#1186: The Great Duane by Ritchie Hart

Peak Month: December 1959
7 weeks on CFUN chart
Peak Position #12
Peak Position on Billboard Hot 100 ~ did not chart

Charles Gearheart was born in Goose Creek, Kentucky, a village near Louisville. He moved to Phoenix, Arizona, when he was in high school. He was billed as Ritchie Hart on the recommendation of his local record company, Felsted. Hart had one notable attempt at having a hit record. Late in 1959 Hart had an appearance on American Bandstand to support his debut single, “The Great Duane.” The song climbed to #12 in both Phoenix and Vancouver.

 

The Great Duane by Ritchie Hart

Well if it hadn’t been for Duane and his twangy guitar,
no, things wouldn’t be the way that they are.
But I took my baby to see the great Duane,
and ever since then nothing’s been the same, he went… (instrumental guitar)
and then he rolled his dreamy brown eyes.
Well, my baby took one look and her whole body shook,
and she started running down the aisle.

Well, if it hadn’t been for Duane and his twangy guitar,
no, we never would’ve had that fight.
But I took my baby to see the great Duane,
and he stole her heart away that night. He went…(instrumental guitar)
and then he rolled his dreamy eyes around.
Well, my baby took one look and her whole body shook,
and she left me for the great Duane. And he sounded like (instrumental sax)

and then he rolled his dreamy eyes around.
Well, my baby took one look and her whole body shook,
and she left me for the great Duane. And he sounded like…

Duane Eddy was born in Corning, New York, in 1938. He started playing guitar at the age of five. When he was 13 his family moved to Tucson, Arizona. Four years later he meet a DJ at KCKY named Lee Hazelwood. The two clicked and Hazelwood got Eddy in contact with another young performer named Sanford Clark. Eddy played guitar on Clark’s Top Ten 1956 hit, “The Fool.” Duane Eddy went on to have several smash instrumental hits. His biggest were “Rebel Rouser,” “Forty Miles of Bad Road” and “Because They’re Young.” He charted 23 singles onto the pop charts in Vancouver and 15 singles in the Top 40 on the Billboard Hot 100.

In “The Great Duane” the lyrics in Ritchie Hart’s song make clear that going to a concert to hear Duane Eddy could be a dangerous thing if you brought your girlfriend. The singer’s “baby” is so affected by seeing Duane Eddy that her whole body shakes. She leaves the boyfriend that night for the man on stage with the guitar. Plausibly, this is a warning to any couple who plan to hear a recording artist in concert. When your sweetheart tells you they really, really, really love the recording artist and can hardly wait to see them, maybe ask how much. Although there are groupies who follow pop stars from concert to concert, it seems extremely rare for couples to break up because the one person has left the other for a solo act on stage. Likely, listeners to the song at the time found it amusing and not a cause for panic.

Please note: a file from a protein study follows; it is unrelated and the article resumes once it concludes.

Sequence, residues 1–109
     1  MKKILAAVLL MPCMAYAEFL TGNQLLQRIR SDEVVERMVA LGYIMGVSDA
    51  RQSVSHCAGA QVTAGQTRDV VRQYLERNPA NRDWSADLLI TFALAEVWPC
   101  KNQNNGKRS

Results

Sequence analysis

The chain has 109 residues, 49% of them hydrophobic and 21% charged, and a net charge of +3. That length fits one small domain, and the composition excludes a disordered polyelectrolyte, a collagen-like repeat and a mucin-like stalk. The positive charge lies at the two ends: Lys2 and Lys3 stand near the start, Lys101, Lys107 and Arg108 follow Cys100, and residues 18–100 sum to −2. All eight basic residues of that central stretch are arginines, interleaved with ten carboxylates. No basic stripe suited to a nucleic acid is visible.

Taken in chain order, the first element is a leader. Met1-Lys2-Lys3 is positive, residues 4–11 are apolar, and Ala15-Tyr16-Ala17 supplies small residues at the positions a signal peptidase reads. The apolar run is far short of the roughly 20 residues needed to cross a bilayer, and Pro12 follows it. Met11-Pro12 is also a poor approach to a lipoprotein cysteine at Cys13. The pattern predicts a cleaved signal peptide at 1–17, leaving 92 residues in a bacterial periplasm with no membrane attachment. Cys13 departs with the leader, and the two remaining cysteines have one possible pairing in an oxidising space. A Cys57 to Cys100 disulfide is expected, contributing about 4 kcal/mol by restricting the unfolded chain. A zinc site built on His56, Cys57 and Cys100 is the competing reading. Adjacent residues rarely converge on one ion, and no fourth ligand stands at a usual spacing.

In 1960, Ritchie Hart released a Johnny Cash sound-alike tune titled “I Want You.” In 1961 Ritchie Hart released a fast-paced rockabilly tune called “Vacation Time.” In 1962 Hart, backed with The Hartbeats, released an instrumental titled “Phyllis.” There was another single released that year, but none of these made a dent in the record charts.

Six years later Ritchie Hart found a musical outlet, changing his name back to Charlie Gearheart and in 1968 founding The Goose Creek Symphony. is an American rock band with roots in Arizona and Kentucky. They were formed in 1968 in Phoenix, Arizona as an outlet for the songs of Charlie Gearheart, aka Ritchie Hart, and were best known for their 1972 cover of Janis Joplin’s song, “Mercedes Benz.” The single met with regional success especially in Fort Lauderdale (#2) and Augusta, Georgia (#6). The band recorded their first album at Audio Recorders in 1968-69 and were subsequently signed to Capitol Records in 1970. They continued recording until 1976, then reformed in 1990. The band is considered one of the tightest, musically, of its genre and has continued touring to popular acclaim. In the ’70s they fit into a country rock mode, but were more esoteric than many of their contemporaries and they had a rawer, less commercial sound.

The band appeared on The Ed Sullivan Show with Bobbie Gentry and shared the stage with Jimi Hendrix and The Allman Brothers Band among others at the 1970 Atlanta Pop Festival. The band released five albums in the 1970’s and since reforming in 1990 has released eight more albums. The Goose Creek Symphony has been inducted into “The Arizona Music and Entertainment Hall of Fame” class of 2011. A road has been named after Gearhart at the mouth of Goose Creek in Kentucky: the Charlie Gearheart Highway.

The Great Duane by Ritchie Hart

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